Aerospace will be the next bull market, Cramer told viewers on Thursday, and Boeing could lead the group higher.
How can he make such a bold claim? Well, he predicted that Boeing’s long-awaited – more like much-delayed – 787 airplane finally will be released before the Paris Air Show on June 16. Cramer called Paris the industry’s “biggest fashion show on earth,” and he expects Boeing’s stock to move as a result.
That’s not all, though. Cramer also thinks at least one of the analysts that so vehemently hate this stock – see above 787 delays and fear of defense-budget cuts for reasons why – will change their call before the air show. Right now, there are five buys, 13 holds and three sells on BA. Just one change in position – and that level of disinterest is just begging for an upgrade – should be enough to bump up the stock.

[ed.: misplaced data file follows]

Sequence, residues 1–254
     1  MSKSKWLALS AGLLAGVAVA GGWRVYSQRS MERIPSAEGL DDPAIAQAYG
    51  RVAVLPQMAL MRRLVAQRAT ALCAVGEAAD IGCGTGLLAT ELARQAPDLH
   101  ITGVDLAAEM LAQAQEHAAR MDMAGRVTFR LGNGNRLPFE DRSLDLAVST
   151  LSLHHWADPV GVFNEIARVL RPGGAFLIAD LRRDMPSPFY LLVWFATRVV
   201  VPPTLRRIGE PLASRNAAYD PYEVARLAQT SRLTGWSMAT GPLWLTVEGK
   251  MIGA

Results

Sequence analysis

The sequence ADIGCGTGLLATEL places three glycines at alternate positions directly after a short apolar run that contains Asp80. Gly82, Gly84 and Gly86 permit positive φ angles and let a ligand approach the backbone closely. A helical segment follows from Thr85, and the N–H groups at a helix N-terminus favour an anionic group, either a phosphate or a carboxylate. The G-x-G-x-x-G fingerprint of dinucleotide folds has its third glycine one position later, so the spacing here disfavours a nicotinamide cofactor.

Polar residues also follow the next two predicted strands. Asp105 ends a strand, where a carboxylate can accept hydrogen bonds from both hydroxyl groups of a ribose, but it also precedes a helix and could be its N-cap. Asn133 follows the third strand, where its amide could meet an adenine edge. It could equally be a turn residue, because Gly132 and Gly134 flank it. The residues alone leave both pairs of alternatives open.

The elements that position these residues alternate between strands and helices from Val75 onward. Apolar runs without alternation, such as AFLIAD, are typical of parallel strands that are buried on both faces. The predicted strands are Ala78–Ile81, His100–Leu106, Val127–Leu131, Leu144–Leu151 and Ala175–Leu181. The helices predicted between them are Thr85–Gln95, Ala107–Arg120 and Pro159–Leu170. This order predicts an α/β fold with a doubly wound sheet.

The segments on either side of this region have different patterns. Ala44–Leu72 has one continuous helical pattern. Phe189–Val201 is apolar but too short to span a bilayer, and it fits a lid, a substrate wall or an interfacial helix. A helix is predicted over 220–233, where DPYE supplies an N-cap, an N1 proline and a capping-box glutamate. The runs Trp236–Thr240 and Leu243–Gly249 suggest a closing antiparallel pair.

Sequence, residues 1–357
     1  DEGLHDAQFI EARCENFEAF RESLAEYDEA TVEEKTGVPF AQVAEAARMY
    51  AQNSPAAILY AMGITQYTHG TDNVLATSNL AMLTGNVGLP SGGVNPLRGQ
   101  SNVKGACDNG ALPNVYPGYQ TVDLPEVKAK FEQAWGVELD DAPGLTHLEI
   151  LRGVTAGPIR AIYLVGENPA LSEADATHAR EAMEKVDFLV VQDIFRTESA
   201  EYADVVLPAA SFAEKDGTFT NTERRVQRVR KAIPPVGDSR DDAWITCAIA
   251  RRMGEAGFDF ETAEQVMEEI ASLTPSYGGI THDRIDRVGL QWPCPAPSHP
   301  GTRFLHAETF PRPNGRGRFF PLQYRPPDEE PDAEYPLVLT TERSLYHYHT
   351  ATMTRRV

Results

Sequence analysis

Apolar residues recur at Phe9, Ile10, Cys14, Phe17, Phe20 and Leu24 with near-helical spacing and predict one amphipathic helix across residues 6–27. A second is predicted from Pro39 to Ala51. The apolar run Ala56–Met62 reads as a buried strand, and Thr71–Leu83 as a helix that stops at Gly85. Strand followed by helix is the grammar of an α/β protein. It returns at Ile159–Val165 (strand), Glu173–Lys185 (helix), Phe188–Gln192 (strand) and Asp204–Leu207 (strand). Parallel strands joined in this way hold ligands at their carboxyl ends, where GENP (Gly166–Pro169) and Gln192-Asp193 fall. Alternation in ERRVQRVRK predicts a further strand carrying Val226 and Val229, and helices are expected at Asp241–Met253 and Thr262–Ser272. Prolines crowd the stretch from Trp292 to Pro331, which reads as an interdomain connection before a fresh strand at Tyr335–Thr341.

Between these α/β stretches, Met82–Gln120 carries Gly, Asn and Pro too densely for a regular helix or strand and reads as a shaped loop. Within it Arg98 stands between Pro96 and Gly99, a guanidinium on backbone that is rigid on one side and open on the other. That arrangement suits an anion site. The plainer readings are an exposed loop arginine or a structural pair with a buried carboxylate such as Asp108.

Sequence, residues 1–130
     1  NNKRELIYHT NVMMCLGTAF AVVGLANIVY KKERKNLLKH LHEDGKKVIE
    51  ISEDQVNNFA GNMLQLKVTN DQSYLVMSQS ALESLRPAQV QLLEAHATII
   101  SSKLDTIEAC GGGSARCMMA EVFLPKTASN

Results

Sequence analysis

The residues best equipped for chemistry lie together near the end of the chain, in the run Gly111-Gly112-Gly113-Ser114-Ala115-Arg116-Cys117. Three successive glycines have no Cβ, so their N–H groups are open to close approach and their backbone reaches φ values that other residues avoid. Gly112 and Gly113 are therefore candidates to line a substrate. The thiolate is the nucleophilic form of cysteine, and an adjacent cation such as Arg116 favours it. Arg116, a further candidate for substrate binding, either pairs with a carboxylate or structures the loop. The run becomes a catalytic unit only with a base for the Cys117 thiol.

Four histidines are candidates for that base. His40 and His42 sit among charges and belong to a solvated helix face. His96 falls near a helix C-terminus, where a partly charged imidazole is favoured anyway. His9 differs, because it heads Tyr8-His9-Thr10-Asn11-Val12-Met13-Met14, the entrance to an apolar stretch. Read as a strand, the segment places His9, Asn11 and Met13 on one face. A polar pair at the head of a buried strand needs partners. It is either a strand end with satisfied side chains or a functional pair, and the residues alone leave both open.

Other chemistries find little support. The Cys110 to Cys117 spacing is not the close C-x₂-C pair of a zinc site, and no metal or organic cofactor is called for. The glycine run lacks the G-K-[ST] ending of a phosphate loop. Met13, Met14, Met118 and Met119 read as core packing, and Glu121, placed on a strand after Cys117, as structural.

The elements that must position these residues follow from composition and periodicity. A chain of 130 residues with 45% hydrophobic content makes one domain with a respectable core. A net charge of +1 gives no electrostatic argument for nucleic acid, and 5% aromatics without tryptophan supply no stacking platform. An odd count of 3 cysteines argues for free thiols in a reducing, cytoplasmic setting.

Airbus also has a new plane coming out, but Cramer is betting Boeing will sell more. Why? The weak US dollar. Foreign firms get more bang for their buck when they buy American because euros and yen go farther here. So instead of buyers choosing between interchangeable commodities, they will get more value from Boeing because its planes are cheaper.
Maybe you’re wondering how this translates into a sectorwide rally? Boeing doesn’t make every plane part itself. Allegheny Tech makes the titanium skin. Alcoa makes the fasteners. United Technologies makes the jet engines and their components. Many companies are involved in the complete assembly of an aircraft, and almost all of them benefit when Boeing is doing well. Best of all, aerospace rallies tend to last for multiple years, Cramer said. Sure, there will be pullbacks, but overall the group will trend higher.
Boeing generates a significant amount of cash, has a good balance sheet and pays out a decent 3.3% yield. Investors may have missed the bottom, but this $50 stock was $78 last year. Also, the earnings estimates are too low, Cramer said, and any number of catalysts will propel the share price upward. He recommended buying BA right now and then picking and choosing from the company's suppliers.
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